Excerpt from Road One
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With the university’s one-year ban on concerts and variety shows now lifted, following the Skalamity tragic events and devasting deaths of the previous year, a handful of organisers decided to host shows. With full compliance with the university’s increased safety measures, and with the memory of the departed students front of mind, the organisers of Tudmont swung into action. As Nigeria’s foremost inter-university competition between music bands, Tudmont was the main contest every campus band wanted to win. The event was exclusively hosted at Ife University’s Oduduwa Hall.
On Tudmont eve, a Friday night, Turbo, Mayowa, Banji and a new friend to the group gathered to psych themselves up in the lead-up to the show. The new member of this group of friends was Dapo Olaiya, a third-year Building Technology student. Turbo and Dapo had been friends for a year. Given Dapo’s love of music, Turbo was eager to introduce him to the group. Dapo resided in Quarters. Turbo thought that the eve of the musical extravaganza would be the ideal moment to bring Dapo along to meet the group. If we all met beforehand and reminisced about our favourite songs, we could all go together and enjoy the show, Turbo reasoned.
It was a given that all four boys would attend the Tudmont show, even though it meant each boy skipped two or three meals that week to rustle up money for tickets. All four boys were sat on the bonnet of a lime-green Volkswagen Beetle parked outside the Health Centre. They did not know whose car it was. Each boy called out the title of a favourite song, and the group followed by jointly singing through. As they fondly recalled their favourite songs, an excited member of the group would leap off the Beetle’s bonnet, unable to contain his excitement. Now standing, unrestrained by sitting on the car’s bonnet, he was free to gyrate, twirl and dance. They alternated this sequence. Occasionally, all four simultaneously leapt off the bonnet as if choreographed. Turbo played air bass guitar – more emphatically when warranted by a song’s infectious bassline. Dapo mimicked drumbeats using his vocal cords.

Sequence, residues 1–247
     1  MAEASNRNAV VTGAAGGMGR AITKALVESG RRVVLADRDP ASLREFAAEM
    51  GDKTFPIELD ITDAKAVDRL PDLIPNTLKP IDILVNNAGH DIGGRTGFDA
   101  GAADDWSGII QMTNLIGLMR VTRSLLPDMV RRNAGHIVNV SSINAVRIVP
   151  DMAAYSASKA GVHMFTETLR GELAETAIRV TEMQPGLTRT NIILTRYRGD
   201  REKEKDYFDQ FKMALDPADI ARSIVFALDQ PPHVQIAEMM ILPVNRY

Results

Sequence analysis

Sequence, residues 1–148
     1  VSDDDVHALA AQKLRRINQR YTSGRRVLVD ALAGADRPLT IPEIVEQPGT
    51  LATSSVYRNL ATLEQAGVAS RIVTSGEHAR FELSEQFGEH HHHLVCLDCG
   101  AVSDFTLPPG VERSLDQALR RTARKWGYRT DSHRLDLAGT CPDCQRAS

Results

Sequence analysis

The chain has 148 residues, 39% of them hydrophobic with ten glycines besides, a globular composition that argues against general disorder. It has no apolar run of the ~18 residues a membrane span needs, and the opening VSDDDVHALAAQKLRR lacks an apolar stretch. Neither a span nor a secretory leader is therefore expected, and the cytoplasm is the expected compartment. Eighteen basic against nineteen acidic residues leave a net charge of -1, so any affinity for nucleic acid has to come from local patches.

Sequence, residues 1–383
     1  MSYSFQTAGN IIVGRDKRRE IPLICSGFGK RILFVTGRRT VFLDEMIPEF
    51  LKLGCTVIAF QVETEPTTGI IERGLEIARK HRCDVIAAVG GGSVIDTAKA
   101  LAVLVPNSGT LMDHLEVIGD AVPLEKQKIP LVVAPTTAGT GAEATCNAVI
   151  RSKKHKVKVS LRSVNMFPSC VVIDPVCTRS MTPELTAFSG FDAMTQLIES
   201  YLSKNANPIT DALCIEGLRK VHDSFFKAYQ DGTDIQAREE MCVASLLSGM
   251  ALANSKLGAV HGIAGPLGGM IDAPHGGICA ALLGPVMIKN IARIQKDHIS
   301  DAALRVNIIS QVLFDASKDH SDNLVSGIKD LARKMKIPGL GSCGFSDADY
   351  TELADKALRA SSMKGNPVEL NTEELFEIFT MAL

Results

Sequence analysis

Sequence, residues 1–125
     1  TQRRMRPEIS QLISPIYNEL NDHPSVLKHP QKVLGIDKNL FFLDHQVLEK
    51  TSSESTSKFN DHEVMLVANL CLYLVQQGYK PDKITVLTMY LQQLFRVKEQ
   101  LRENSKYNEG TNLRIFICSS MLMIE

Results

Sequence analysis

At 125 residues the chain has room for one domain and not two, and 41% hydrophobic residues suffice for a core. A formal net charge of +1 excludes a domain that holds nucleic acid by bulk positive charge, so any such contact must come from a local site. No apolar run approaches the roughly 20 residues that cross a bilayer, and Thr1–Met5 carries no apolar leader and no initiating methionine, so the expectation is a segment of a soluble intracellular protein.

One of the songs that drew simultaneous leaping off the car was the 1981 hit “Your Wish Is My Command” by Lakeside. Mayowa and Turbo began playing air bass guitar. After the friends’ rendition of the song, Mayowa remarked how in the song’s music video, two members of the band each played a double-necked electric rhythm guitar. Lakeside was well-known for using these guitars.
“Was it a gimmick?” Mayowa playfully asked.
Dapo pondered the same question. “Did the band really need double-necked guitars or was it partly for visual effects and to promote an air of superior guitar-playing prowess?” The boys spent the next ten minutes discussing the topic, sometimes vehemently disagreeing, before reverting to enjoying the moment.
The Whispers’ song “And The Beat Goes On” generated a similar response. With this 1979 hit song, Mayowa and Banji chimed out the title in unison, as if pre-arranged. All four boys agreed on the song’s greatness, earning it instant classic status. Turbo teased the younger Mayowa and Banji, noting the pair would have been no more than nine years old when the song was released. The friends remarked on the striking and signature rhythm guitar sequence that kicked in a few seconds into the song. Before long, Turbo called out some words from a favourite song. Without requiring prompting, Dapo responded by vocalising the song’s rhythmic, pulsating opening drumbeat. The group joined in, each friend chirping in with whatever instrumentation he was most comfortable singing or humming. “Teacher Don’t Teach Me Nonsense”, released four years earlier in 1984, was Turbo’s favourite by Fela. Turbo was in his element, playing air bass guitar to the song as he did when Banji and Kelechi first met him in Mayowa’s room.
The friends started their music rendezvous at 9 pm on Friday. At 6.30 am the next day, as the sun was rising from behind Awo Hall Block 4, Mayowa remarked, “We should go to sleep soon o.” With a big smile on his face, it was obvious he only half-meant his comment. The others laughed, and Banji called out another song. They continued recalling their favourite songs. They carried on with their spirited entertainment for another hour and a half till 8 am on Saturday, Tudmont day. Finally, after spending eleven hours there, the four friends parted ways, to meet later that evening ahead of the much-anticipated show.